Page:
• The level of social anxiety,
  • The effects of disorders on current functioning,
  • The effects of disorders on family/significant
  • Demographic characteristics (age, gender,
  • Acceptance level motivation (readiness to
  • Personality/Cognitive factors (brain injury),
  • Supports professional personal,
  • Appropriate treatment regime.
  • Westermeyer, Weiss
  • Ziedonis, 2003

Strategies to help .
  • Family/friend involvement in treatment
    (individual may be more willing to comply may
    reduce enabling).
  • Acknowledge impact of co-occurring disorder on
    the person and others who care about them. Find a
    balance in life.
  • Provide education and resources to promote
    understanding realistic expectations of the
  • Support for the individual and those affected by
    their behaviour.
  • Ongoing Communication.
  • Self-care.
  • Acknowledge success but plan for psychiatric
  • Daley Spears, 2003

(No Transcript)
Local Resources
  • Kelowna Alcohol and Drug Clinic _at_250-870-5777
  • Kelowna Friendship Centre _at_250-763-4905 (AD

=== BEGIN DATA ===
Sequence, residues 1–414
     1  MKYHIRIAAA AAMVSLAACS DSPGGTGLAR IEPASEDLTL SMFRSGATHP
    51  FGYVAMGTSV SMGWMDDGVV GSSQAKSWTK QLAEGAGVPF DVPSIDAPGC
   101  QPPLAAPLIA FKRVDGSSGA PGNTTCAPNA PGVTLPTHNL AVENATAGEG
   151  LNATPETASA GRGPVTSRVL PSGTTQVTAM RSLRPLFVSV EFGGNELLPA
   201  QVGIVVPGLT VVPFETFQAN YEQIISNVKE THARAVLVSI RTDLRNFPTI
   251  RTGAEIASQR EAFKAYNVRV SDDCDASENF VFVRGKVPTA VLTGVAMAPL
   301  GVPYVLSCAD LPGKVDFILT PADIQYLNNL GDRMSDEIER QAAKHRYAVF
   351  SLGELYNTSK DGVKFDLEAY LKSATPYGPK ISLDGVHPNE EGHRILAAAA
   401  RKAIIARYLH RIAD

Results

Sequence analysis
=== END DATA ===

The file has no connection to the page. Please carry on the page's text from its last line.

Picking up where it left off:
counsellor outreach services)
  • Crossroads Detox/treatment _at_250-860-4001
  • Phoenix Detox (Kamloops) _at_1-877-318-1177
  • Alcoholics Anonymous (24 Hour) _at_250-763-5555
  • Narcotics Anonymous (24 Hour) _at_250-861-0354
  • Kelowna General Hospital Emergency _at_250-862-4495
  • Kelowna General Hospital Psychiatry
  • Kelowna Drop-In Centre _at_250-763-3311
  • Kelowna Outreach Health Services _at_250-868-2230
  • Kelowna Adult Mental Health Centre _at_250-868-7788
  • Canadian Mental Health Association (outreach)
  • BC Schizophrenia Society Kelowna Branch
  • New Opportunities for Women Canada (NOW Canada)
  • Ministry of Housing Social Development
    welfare _at_250-861-7373
  • Womens Shelter/Alexandra Gardner _at_250-763-2262
  • Gospel Mission _at_250-763-3737 mens shelter
  • Freedoms Door _at_250-717-0472 mens recovery home
  • Men of Destiny _at_250-763-3737 mens recovery

Internet resources
  • www.camh.net (Centre for Addiction Mental
    Health) Family Guide to Concurrent Disorders
    and other resources.
  • www.cmha.bc.ca (Primer 42 fact sheets, other
    relevant information).
  • www.heretohelp.bc.ca (individual family
  • http//carbc.ca (Centre for Addiction Research of
    BC (Alcohol Reality Check)
  • www.amhb.ab.ca (Alberta Health Services on
    line information sessions)